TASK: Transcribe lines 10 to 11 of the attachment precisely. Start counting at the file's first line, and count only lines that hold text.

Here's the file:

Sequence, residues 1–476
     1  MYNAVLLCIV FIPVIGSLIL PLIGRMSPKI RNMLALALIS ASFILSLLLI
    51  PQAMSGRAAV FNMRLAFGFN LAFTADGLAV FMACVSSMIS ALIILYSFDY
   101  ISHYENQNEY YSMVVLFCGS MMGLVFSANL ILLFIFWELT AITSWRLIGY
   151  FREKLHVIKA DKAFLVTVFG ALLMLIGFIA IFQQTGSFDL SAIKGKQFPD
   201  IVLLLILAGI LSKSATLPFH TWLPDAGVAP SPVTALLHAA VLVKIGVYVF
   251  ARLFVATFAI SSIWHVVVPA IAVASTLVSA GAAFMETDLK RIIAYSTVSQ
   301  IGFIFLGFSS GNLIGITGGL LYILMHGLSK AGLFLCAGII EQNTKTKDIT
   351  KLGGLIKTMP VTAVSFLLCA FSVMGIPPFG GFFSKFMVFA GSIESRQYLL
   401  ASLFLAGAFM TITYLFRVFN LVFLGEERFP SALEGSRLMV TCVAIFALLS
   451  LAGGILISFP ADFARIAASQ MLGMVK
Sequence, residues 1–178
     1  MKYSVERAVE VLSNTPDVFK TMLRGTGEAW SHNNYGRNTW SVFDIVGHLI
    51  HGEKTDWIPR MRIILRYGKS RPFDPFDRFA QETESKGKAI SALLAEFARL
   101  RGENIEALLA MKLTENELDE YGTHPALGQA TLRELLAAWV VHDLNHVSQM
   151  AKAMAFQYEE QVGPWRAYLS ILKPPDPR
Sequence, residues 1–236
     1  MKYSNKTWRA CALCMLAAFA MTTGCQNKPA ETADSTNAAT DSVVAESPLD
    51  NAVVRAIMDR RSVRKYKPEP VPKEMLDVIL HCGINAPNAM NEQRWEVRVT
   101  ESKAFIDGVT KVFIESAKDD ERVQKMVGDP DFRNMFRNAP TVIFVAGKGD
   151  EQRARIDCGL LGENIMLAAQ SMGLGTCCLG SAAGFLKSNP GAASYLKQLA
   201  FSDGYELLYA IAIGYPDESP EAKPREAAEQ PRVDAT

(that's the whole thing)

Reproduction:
   401  ASLFLAGAFM TITYLFRVFN LVFLGEERFP SALEGSRLMV TCVAIFALLS
   451  LAGGILISFP ADFARIAASQ MLGMVK